In the third study, non-abused and abused children were matched for gender and age, with the purpose of comparing their attachment and adjustment. A subset of measures (completed by both groups) was examined. As hypothesised, across all measures of attachment and adjustment, sexually abused children displayed higher levels of insecurity and symptomatology. As hypothesised, family functioning differed, abused children reporting more dysfunction, particularly in family roles and emotional involvement. Contrary to the hypothesis, there were no group differences in attachment between abused and non-abused boys. Group differences in attachment and adjustment were evident for girls.
In the fourth and final study, 85 caregivers of sexually abused children taking part in a larger treatment study were assessed on measures of their own history of abuse and level of psychopathology. The attachment measures completed in Study 2 were used. There were two components to this study. Firstly, caregiver history of abuse was examined for its effect on both caregiver attachment and caregiver adjustment. Contrary to the hypothesis, there were no significant associations between prior abuse and caregiver attachment. However, there were significant associations between reported emotional abuse and psychopathology. Caregivers who, as children, had experienced emotional abuse reported clinically significant levels of somatization, anxiety, and depression. In line with the hypotheses, caregiver attachment style was related to mental health, although caregiver attachment did not mediate or moderate the relationship between history of abuse and caregiver mental health.
In the second component of Study 4, 54 caregivers of the sexually abused children who had completed the ASQ-Y were examined for effects of the history of abuse, caregiver attachment, and mental health on both child attachment and child adjustment. There were strong associations between caregiver mental health and child attachment. Associations between caregiver mental health and child adjustment were not significant. A caregiver's history of abuse was not related to child attachment or child adjustment. Thus, caregiver attachment did not mediate or moderate the relationship between history of abuse and child attachment or child adjustment. Furthermore, caregiver attachment did not mediate or moderate the relationship between caregiver mental health and child variables.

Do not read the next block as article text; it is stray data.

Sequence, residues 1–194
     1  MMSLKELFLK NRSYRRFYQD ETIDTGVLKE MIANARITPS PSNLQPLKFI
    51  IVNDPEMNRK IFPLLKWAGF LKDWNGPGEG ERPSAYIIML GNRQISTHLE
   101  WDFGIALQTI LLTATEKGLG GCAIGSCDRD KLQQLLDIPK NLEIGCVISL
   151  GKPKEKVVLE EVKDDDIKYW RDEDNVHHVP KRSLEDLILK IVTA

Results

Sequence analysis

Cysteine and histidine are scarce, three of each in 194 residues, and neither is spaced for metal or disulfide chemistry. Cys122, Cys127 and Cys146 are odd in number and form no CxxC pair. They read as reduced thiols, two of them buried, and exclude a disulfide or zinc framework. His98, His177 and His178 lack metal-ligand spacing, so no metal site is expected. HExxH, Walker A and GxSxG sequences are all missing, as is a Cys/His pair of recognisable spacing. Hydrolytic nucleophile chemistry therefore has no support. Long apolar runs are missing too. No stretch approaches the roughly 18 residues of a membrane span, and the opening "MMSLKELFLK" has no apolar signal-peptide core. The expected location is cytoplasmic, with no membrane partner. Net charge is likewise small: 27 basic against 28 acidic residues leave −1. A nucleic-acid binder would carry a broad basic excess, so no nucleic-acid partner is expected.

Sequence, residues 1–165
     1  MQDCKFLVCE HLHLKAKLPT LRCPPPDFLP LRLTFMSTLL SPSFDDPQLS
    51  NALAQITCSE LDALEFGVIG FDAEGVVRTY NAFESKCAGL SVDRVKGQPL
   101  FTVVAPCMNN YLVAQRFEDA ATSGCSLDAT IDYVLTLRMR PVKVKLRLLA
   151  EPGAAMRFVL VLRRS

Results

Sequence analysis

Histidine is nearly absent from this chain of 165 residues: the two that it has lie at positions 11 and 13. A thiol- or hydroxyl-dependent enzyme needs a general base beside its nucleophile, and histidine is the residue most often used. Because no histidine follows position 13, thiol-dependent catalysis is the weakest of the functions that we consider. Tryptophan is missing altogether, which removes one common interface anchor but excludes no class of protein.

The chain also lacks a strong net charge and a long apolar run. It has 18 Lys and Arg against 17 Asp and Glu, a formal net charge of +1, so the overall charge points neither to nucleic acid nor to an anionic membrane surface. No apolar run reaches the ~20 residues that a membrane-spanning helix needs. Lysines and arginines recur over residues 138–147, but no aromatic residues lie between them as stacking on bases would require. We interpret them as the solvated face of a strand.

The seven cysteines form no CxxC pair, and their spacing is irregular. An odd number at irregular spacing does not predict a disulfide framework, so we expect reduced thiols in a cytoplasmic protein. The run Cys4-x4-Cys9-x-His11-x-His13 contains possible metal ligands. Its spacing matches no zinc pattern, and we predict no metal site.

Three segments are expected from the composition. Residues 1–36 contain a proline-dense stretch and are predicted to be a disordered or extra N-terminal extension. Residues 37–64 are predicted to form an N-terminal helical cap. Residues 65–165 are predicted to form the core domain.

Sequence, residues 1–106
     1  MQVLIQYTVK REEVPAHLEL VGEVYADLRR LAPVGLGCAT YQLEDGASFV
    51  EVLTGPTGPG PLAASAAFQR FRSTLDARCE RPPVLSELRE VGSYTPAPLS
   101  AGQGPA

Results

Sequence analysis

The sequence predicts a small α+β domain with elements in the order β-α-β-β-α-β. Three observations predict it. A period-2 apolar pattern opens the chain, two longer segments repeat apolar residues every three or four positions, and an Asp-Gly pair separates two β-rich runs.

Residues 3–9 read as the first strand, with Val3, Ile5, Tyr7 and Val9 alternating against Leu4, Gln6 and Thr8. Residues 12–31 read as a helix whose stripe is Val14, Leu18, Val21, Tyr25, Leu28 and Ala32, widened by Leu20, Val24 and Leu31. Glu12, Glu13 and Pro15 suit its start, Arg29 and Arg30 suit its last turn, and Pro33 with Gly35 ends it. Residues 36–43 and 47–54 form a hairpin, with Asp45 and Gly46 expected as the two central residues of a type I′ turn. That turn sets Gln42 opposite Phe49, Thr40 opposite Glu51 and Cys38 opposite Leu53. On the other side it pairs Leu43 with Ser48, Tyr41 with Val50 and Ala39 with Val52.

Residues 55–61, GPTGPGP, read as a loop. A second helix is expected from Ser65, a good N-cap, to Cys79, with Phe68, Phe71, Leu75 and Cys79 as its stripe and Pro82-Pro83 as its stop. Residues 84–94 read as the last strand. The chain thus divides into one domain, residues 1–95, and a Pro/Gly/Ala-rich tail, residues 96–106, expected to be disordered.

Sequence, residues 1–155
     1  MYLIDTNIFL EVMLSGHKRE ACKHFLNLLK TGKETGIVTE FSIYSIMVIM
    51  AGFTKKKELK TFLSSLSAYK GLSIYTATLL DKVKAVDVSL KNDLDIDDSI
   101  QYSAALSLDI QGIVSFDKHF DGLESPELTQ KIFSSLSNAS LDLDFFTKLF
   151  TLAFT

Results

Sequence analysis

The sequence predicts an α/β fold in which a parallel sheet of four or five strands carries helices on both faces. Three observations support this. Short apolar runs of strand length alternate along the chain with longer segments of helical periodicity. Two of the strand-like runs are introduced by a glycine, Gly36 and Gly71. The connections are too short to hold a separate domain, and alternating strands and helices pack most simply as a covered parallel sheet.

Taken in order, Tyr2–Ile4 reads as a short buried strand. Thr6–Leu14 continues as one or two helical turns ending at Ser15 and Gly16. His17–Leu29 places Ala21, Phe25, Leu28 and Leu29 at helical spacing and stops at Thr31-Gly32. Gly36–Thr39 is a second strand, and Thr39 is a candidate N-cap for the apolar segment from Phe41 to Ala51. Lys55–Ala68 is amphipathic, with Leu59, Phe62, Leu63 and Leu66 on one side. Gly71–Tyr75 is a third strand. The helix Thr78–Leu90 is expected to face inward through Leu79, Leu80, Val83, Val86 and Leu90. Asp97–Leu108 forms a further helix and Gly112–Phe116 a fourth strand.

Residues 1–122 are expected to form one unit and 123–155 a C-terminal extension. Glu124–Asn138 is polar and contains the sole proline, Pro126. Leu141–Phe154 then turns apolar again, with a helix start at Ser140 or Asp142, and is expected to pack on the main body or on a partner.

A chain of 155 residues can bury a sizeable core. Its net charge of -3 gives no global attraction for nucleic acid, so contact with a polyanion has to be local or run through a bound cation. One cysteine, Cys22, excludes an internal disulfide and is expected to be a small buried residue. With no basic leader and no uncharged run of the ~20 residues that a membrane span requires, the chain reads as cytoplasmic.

In summary, the results of the four studies confirm that sexually abused children were more likely to be insecurely attached and poorly adjusted, and to live within a dysfunctional family environment. Children and caregivers with insecure patterns of attachment reported poor adjustment; however, the reasons or processes underlying this relationship are not completely clear. There were direct associations between avoidant caregiver attachment and avoidant child attachment. In terms of attachment and adjustment, the role of attachment was evident in a number of associations, and analyses of particular styles or categories of attachment revealed consistent pathways to particular symptomatology. However, after a more finely-grained analysis the mechanisms for these pathways were not clarified.
Nevertheless, there were temporal associations between attachment security and adjustment in both non-abused and abused populations. These findings suggest that attachment security plays an important role in generating the levels of adjustment of sexually abused children and their caregivers. Additionally, it reinforces the importance of considering sexual abuse from a relational context rather than an abuse-specific approach.